Man grinding his teeth

Have you ever looked in the mirror and wondered how your teeth got so yellow? You’re not alone, many of us have! Yellowing usually happens gradually so it’s easy not to notice it. While it may give your confidence a hit, generally yellow teeth are not a sign of a serious medical condition. The good news is that there are ways to get your bright, white smile back, but let’s look at what’s causing the yellowing first.

Unfortunately, your teeth age just like the rest of your body. As the strong, white protective coating on your teeth, known as enamel starts to fade over time from normal wear and tear, your teeth will yellow.

Coffee, tea, sodas, wines and some fruits and vegetables can stain your teeth. Anyone who’s had a glass of red wine and then smiled to see that their teeth have been stained red will be familiar with this effect.

Tobacco products stain your teeth. Have you ever noticed that the filter on a cigarette starts out as white and then once it’s been smoked, that filter has a gross yellow-brown color to it? That’s what passes through your teeth as well. And it’s not just cigarettes that will stain your teeth, all tobacco products including pipe smoke and chewing tobacco have the potential to yellow your teeth.

There’s a reason dentists tell you to brush twice a day and it’s not just to keep the toothbrush industry in business! When you do not routinely brush, floss and rinse your mouth to remove plaque build-up and tartar, it can hasten the discoloration of your teeth.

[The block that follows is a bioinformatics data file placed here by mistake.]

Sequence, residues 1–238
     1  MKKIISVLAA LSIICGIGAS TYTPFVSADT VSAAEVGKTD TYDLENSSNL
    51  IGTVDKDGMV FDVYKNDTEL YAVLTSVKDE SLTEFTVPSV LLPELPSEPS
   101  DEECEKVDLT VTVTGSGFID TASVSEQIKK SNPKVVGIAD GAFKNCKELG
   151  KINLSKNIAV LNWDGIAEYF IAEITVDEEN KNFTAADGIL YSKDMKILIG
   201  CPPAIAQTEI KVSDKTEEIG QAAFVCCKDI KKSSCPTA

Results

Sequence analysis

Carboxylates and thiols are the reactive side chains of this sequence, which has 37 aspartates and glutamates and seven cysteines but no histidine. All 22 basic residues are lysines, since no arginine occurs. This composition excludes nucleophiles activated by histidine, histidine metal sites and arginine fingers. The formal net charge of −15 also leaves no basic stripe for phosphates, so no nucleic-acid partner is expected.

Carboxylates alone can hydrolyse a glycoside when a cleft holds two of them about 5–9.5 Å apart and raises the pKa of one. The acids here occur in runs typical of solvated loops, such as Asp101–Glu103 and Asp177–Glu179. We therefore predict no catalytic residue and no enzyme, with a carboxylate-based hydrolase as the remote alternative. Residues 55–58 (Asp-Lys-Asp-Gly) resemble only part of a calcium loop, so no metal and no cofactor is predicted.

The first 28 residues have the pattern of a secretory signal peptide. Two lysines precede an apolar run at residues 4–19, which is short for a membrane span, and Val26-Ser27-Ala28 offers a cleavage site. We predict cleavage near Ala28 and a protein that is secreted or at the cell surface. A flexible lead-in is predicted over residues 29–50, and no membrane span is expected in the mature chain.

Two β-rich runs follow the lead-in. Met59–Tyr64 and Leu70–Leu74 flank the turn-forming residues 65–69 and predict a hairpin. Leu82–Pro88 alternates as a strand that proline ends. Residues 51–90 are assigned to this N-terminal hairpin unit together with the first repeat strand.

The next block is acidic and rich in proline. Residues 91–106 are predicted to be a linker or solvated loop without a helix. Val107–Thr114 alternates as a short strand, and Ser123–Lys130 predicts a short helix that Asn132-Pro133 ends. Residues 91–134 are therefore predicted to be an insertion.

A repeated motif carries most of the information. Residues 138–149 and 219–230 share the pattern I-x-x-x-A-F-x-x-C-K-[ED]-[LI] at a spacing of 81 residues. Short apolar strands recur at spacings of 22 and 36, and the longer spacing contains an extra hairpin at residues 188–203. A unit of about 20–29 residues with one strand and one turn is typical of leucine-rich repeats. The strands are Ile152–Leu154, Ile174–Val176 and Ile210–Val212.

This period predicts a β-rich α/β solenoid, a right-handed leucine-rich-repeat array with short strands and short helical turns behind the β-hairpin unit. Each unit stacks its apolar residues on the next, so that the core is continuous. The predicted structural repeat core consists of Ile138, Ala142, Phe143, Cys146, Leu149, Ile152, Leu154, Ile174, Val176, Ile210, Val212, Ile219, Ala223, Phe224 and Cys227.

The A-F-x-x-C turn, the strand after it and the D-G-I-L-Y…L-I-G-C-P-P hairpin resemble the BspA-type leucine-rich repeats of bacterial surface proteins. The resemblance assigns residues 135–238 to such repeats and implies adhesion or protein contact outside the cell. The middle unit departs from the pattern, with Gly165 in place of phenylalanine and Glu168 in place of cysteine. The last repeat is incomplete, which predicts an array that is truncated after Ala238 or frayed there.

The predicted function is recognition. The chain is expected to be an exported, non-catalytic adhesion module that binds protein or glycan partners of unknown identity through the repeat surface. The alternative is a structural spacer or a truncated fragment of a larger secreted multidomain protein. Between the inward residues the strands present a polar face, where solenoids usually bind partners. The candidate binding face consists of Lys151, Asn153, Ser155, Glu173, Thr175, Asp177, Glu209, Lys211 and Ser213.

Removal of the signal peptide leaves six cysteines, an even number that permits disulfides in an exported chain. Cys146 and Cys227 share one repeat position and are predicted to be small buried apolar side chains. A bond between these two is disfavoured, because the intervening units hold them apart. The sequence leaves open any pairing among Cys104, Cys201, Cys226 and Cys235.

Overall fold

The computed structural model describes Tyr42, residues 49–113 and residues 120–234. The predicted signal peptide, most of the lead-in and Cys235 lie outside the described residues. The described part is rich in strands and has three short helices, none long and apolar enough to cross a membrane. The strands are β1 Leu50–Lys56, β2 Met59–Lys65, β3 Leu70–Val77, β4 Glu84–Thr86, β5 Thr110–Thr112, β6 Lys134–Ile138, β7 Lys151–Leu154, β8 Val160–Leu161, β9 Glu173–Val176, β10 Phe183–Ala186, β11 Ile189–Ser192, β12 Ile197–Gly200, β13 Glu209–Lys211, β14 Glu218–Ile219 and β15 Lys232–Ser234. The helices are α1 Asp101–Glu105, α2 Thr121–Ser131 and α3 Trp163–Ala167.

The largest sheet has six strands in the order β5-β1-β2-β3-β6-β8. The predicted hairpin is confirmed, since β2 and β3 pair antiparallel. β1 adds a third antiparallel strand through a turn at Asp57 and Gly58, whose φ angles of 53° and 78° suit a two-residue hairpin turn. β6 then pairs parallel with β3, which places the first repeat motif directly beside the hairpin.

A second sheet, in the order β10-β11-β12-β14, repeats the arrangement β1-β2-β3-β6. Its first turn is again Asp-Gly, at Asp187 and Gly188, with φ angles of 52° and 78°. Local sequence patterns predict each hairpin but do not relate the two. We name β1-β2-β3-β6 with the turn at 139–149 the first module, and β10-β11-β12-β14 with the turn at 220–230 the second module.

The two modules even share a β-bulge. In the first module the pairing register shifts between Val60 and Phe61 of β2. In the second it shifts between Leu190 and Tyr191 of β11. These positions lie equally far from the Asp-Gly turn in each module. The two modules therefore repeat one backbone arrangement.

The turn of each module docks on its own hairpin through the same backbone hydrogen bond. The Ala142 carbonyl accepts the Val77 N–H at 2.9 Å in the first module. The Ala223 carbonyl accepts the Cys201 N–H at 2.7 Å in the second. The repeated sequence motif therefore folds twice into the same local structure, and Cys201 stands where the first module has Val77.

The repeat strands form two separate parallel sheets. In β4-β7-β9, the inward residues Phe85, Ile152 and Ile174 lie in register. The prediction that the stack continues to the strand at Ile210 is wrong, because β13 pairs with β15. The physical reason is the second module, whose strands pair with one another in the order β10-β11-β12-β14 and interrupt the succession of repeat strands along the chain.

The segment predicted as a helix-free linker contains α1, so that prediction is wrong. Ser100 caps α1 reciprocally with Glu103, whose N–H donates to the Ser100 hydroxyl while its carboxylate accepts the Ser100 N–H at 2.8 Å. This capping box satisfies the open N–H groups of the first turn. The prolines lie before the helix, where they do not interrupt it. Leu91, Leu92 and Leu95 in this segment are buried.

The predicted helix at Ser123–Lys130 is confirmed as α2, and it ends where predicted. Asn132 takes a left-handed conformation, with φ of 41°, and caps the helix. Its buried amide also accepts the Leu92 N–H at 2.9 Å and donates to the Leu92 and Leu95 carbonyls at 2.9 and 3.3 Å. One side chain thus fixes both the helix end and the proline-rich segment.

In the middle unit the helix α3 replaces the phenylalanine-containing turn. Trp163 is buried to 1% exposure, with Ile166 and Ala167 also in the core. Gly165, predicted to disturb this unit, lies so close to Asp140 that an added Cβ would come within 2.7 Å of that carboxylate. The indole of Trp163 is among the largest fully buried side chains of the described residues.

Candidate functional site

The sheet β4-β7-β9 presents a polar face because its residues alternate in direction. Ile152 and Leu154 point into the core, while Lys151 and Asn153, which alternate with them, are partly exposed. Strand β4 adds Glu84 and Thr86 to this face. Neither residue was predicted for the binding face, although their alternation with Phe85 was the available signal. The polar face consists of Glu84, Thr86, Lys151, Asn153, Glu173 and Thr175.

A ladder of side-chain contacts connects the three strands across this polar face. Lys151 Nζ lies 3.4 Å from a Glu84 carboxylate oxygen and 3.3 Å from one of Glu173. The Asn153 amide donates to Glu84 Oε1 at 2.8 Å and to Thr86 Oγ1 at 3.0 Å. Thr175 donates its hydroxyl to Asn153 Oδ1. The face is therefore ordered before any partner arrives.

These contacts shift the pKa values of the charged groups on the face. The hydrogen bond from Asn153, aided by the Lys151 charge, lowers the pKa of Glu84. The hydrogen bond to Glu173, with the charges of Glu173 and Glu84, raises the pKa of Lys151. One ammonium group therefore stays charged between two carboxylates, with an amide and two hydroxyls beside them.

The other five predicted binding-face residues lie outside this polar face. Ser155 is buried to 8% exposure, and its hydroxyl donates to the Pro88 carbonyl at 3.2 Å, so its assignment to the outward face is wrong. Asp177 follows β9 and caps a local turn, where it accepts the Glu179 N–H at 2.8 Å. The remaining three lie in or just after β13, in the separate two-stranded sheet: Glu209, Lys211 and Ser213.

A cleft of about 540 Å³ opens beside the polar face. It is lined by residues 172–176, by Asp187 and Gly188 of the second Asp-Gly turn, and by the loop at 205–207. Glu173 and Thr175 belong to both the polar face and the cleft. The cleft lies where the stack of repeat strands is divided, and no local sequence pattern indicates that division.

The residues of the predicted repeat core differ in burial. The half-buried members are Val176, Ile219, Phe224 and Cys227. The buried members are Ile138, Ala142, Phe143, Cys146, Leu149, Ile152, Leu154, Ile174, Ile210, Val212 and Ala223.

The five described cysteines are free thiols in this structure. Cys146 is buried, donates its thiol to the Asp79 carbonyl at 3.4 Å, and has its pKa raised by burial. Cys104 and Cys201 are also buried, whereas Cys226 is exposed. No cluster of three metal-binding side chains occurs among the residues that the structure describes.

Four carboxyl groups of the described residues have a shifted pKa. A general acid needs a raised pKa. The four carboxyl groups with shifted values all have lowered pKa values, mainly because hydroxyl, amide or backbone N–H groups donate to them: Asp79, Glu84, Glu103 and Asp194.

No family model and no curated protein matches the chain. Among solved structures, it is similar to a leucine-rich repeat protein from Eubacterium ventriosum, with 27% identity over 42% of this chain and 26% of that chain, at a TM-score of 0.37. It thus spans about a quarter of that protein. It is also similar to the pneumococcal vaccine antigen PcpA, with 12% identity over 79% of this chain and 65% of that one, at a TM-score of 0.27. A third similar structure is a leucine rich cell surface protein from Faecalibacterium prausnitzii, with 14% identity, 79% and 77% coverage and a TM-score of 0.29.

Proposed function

Certain medications, such as the antibiotics doxycycline and tetracycline, can darken the teeth of children younger than 8 years old. Some antihistamines, drugs for high blood pressure and antipsychotic medications can also stain adult teeth. Go over any such potential side effects of the medications you are currently, or may start taking, with your physician.

There are some illnesses and diseases that can cause tooth discoloration or affect your enamel, however, they aren’t very common. Some treatments can cause discoloration such as chemotherapy and/or radiation used to treat cancer.

It’s possible to inherit enamel that is more yellow than that of other people whose genes differ from yours. (Thanks Mom & Dad!) If none of the reasons above pertain to your situation, it may just be that you genetically have teeth that are not as white as you’d like. The good news is that there are ways to whiten your teeth!

If you’re interested in teeth whitening or discussing your options for whiter teeth, call our office today at (562) 434-6414 to schedule an exam.